Scientists Develop Device for Image Compression

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Using a new class of artificial materials, scientists at Duke University have designed a sensor that compresses images far more efficiently than existing technologies like JPEG.

The materials, called metamaterials, have exotic qualities that bend light, X-rays and radio waves in unusual ways.

While they are barely a decade old, they are fast falling in cost and are expected to become commercially available beginning within two years for a wide array of applications, including radio communications, security and automotive safety.

In 2006, the Duke researchers made headlines by demonstrating that an "invisibility cloak" could be created by bending the light that strikes a metamaterial.

The researchers, at the Center for Metamaterials and Integrated Plasmonics, reported Thursday in the journal Science that their scanning sensor captures both still and video images while simplifying compression by integrating it directly into the sensor array.

A cost advantage of the new technology is that it permits image compression to be performed directly by the sensor hardware, rather than by the specialized hardware and software in use today.

Although the cost of optical sensors has fallen rapidly, automobile manufacturers have been searching for alternatives to expensive laser radar, or Lidar, to provide sensors that work in a range of natural light conditions, including night, dust clouds and snowstorms.

The current generation of airport millimeter-wave security scanners has gained popularity because they do not rely on X-ray radiation and its attendant health risks.

But they require an elaborate mechanical arm that sweeps around a passenger standing in a scanning booth.

"The drawbacks are that it takes time and adds a lot of expense because of complicated mechanical rotors," said the lead author of the Science paper, John Hunt, a graduate researcher at the Duke center. "We have been trying to replace the whole system with one that has no moving parts."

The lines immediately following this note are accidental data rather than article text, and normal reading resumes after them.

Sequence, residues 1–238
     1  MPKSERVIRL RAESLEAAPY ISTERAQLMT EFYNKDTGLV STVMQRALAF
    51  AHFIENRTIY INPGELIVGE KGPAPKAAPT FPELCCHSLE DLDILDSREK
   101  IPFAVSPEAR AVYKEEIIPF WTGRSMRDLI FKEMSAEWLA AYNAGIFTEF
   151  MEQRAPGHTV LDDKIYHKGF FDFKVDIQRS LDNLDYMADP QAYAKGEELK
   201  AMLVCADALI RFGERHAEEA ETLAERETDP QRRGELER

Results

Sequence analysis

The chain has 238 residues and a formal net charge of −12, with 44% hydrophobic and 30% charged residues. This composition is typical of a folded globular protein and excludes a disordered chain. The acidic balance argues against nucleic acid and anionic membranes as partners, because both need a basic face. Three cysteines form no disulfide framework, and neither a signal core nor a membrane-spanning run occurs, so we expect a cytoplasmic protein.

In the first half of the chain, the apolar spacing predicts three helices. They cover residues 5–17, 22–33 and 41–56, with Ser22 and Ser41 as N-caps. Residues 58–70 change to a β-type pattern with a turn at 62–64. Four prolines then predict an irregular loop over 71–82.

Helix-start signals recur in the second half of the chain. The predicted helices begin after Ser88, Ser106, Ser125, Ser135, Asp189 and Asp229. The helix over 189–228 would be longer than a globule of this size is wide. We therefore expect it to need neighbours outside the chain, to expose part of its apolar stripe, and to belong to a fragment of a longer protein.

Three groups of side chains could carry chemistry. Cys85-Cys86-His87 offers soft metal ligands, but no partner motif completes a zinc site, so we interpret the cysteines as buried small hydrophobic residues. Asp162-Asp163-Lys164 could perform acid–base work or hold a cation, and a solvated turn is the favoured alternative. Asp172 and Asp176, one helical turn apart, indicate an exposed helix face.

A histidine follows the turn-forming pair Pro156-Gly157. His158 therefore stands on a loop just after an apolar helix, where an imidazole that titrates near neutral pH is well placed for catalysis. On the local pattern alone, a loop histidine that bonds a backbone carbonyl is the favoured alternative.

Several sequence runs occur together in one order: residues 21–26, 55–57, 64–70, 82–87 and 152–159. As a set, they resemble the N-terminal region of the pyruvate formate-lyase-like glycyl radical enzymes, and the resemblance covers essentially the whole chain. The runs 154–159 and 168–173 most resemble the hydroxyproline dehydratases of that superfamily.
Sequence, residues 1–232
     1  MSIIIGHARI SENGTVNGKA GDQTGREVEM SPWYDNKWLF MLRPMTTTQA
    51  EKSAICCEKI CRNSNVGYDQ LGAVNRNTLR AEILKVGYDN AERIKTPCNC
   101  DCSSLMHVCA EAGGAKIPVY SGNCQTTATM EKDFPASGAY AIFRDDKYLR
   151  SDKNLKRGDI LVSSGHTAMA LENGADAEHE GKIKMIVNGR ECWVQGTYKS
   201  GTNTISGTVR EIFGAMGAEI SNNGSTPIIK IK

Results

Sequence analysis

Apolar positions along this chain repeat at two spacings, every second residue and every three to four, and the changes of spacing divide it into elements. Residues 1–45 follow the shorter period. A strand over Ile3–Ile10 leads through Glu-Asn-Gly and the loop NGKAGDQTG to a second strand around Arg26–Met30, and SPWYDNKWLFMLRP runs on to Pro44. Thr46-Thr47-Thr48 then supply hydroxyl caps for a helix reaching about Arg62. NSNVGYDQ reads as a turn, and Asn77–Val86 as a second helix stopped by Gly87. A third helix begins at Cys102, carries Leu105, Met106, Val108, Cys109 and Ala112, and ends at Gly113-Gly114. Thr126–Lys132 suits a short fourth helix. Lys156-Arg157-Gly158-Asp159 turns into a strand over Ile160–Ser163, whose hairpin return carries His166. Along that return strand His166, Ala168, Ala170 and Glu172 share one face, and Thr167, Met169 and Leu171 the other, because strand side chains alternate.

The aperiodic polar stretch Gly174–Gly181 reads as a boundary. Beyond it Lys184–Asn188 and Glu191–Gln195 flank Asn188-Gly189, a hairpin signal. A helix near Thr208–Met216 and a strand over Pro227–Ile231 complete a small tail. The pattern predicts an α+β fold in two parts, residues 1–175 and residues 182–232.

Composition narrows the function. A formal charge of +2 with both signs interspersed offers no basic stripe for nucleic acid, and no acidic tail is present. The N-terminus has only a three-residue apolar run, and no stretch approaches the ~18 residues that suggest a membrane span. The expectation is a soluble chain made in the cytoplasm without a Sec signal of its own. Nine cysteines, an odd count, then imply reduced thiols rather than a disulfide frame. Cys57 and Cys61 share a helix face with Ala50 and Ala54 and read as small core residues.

Although the design of metamaterial sensors might offer high compression ratios, Mr. Hunt said the real advantage lay in the potential for reductions in size. For example, he noted, even the most advanced planes and boats today use a mechanically steered dish antenna for radar. This requires setting aside a large space to swivel the dish.

"Our system could potentially replace that with a flat sheet wrapped onto the side of the fuselage," he said.

Another potential advantage is speed. Intellectual Ventures, established by the former Microsoft chief scientist Nathan Myhrvold, has started a company to develop communications antennas made from metamaterials.

The company, Kymeta, has said it will introduce an inexpensive high-speed satellite antenna as soon as the end of next year. Bill Gates, the Microsoft co-founder, is an investor.

Depending on the wavelength they are focused on, metamaterials are made with either printed circuit boards or semiconductors. The sensor elements can be laid out in a linear array or as a three-dimensional matrix.

If the elements are small enough, the materials can manipulate visible light; other researchers are exploring applications with both sound waves and seismic waves.

Metamaterials bend radiation more sharply than natural materials. One of their strangest qualities is the ability to create a structure with what scientists call a "negative refractive index" -- a behavior of light and other forms of radiation that is not found when light waves pass through materials like glass or water. They can be aimed in many different directions, or used in parallel to increase bandwidth.

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This article originally appeared in The New York Times.


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